- Hardcover: 352 pages
- Publisher: Penguin Press HC, The
- Language: English
- ASIN: B0029LHWFY
- Package Dimensions: 8.4 x 5.8 x 1.3 inches
- Shipping Weight: 1 pounds
- Average Customer Review: 37 customer reviews
- Amazon Best Sellers Rank: #2,542,237 in Books (See Top 100 in Books)
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Remix: Making Art and Commerce Thrive in the Hybrid Economy Hardcover
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"Lawrence Lessig is a prophet for the Internet age. . . . A splendidly combative manifesto-pungent, witty and persuasive."
" Once dubbed a 'philosopher king of Internet law,' [Lessig] writes with a unique mix of legal expertise, historic facts, and cultural curiosity. . . . The result is a wealth of interesting examples and theories on how and why digital technology and copyright law can promote professional and amateur art."
-Time --This text refers to the Paperback edition.
About the Author
Lawrence Lessig is a professor at Stanford Law School and the founder of the Stanford Center for Internet and Society. The author of The Future of Ideas and Code and Other Laws of Cyberspace, he is the chair of the Creative Commons project. A graduate of the University of Pennsylvania, Cambridge University, and Yale Law School, he has clerked for Judge Richard Posner of the U.S. 7th Circuit Court of Appeals and Judge Antonin Scalia of the U.S. Supreme Court. --This text refers to the Paperback edition.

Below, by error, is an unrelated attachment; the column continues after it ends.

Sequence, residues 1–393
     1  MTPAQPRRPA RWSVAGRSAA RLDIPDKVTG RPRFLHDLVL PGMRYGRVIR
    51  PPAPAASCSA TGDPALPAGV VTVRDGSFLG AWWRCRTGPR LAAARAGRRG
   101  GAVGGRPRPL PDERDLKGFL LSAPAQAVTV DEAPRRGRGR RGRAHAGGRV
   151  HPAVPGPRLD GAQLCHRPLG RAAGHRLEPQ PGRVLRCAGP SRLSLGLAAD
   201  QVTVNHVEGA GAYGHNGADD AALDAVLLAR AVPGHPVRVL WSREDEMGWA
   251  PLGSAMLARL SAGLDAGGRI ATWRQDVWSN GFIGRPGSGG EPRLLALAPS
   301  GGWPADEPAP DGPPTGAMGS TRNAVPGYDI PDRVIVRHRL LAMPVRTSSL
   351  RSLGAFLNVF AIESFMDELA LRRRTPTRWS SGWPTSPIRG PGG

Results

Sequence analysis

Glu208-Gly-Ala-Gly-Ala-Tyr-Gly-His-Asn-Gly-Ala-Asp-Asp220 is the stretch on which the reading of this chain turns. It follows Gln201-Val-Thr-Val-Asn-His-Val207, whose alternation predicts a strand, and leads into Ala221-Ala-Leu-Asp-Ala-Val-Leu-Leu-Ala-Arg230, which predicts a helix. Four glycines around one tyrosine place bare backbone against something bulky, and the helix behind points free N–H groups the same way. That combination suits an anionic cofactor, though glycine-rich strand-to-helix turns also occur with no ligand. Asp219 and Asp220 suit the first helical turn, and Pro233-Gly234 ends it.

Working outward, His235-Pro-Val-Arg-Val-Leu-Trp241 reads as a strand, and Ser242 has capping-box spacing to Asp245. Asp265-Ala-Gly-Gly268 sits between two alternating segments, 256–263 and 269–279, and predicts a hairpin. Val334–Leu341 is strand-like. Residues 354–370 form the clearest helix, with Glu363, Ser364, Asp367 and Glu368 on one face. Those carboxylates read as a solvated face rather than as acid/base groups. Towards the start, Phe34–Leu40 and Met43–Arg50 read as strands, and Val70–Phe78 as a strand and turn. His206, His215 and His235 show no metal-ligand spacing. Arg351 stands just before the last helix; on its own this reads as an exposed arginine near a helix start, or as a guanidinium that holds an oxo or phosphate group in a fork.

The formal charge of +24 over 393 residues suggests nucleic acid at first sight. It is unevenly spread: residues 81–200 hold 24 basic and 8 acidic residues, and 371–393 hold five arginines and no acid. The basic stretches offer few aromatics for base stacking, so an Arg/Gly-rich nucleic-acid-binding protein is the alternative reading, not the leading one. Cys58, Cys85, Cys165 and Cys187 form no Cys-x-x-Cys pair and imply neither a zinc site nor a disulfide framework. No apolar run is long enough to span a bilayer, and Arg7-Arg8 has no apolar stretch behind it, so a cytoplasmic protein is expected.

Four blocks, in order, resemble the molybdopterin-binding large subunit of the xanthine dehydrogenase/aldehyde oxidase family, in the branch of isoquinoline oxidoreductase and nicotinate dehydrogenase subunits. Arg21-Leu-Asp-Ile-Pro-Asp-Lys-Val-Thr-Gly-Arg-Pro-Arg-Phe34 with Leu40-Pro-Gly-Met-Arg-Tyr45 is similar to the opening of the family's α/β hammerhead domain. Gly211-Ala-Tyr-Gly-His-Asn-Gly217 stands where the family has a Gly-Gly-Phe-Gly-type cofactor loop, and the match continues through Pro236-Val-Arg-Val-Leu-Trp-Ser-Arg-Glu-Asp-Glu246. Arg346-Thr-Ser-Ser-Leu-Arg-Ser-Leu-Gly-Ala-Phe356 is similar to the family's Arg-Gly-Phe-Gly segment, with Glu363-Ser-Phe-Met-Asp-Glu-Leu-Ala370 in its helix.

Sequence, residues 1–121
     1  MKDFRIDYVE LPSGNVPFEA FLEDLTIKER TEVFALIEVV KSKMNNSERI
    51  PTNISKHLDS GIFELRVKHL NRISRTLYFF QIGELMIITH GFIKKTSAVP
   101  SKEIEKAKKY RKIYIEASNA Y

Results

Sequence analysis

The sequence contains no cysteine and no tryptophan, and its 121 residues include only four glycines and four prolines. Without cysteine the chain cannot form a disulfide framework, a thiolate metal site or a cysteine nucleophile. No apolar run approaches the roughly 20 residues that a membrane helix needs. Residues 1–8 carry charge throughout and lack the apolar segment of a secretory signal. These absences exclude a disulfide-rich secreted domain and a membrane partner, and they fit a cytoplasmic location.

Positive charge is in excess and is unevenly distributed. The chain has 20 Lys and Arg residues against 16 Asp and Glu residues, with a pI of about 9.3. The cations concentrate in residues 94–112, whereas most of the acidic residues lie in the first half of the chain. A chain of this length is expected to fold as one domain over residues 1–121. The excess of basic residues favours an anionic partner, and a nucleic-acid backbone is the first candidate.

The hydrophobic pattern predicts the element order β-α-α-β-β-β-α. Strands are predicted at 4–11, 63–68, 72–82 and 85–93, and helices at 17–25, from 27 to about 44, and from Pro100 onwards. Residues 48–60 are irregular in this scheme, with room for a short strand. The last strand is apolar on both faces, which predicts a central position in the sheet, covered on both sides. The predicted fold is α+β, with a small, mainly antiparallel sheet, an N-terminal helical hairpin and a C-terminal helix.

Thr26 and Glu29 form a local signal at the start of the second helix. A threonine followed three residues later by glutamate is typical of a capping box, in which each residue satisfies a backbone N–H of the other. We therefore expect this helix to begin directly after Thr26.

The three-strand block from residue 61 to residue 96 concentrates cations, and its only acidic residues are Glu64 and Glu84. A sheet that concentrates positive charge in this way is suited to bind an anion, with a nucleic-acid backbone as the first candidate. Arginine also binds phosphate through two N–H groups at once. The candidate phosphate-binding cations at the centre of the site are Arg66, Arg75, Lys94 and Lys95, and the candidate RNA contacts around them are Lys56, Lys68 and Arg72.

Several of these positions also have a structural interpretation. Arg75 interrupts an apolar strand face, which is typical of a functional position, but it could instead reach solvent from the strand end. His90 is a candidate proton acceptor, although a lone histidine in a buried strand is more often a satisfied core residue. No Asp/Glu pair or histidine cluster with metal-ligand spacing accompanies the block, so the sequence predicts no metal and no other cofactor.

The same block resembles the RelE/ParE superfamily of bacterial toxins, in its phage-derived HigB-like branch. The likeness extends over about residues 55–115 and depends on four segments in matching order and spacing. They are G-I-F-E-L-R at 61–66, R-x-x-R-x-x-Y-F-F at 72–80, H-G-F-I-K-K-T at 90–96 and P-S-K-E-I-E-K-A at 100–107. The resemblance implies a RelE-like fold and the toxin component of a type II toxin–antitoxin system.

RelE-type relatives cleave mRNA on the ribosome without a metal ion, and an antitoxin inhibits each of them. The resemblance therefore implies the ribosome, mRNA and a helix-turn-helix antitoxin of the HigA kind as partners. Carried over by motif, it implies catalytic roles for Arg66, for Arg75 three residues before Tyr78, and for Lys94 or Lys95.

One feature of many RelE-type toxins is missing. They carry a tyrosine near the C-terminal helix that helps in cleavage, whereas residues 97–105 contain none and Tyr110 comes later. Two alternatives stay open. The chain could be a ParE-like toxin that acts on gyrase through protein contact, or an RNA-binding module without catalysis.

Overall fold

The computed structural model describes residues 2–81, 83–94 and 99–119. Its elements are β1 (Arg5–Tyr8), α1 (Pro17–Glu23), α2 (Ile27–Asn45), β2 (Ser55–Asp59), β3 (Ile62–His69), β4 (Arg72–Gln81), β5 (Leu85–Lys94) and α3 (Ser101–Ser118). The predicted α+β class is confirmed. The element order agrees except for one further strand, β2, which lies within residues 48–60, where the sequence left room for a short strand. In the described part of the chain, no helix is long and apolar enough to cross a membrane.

Top customer reviews
More generally, I would advocate for a revised edition. Two reasons. First, as I read it, I wondered if we're really heading towards Lessig's vision and if there are more recent waypoints that illuminate progress towards (or away) from his vision. Second reason: Lessig appears to be a political person. Fine. But he unfortunately links his advocacy in the final chapter to the rather dynamic geopolitical lessons of a "failure" in Iraq ... and to our environmental(global warming) tipping point. His argument to paraphrase is that media conglomerates cannot win the copyright/sharing war for the same reason we cannot win in Iraq. Oooops. With the benefit of time it would appear that Iraq has been won using the wise application of power. So it would therefore it follow's that Warner Brothers (and the media giants will win too with their wise application of market power)? You can't make a conclusive argument and then tie it to an inconclusive parallel. His political analogies have diminished his own argument. Embarrassing. Time for a revision. (And time for the author to spend less time with politico ideologues.)
But. That said. Lessig's argument around his core subject is huge and redefining and this is a worthwhile read.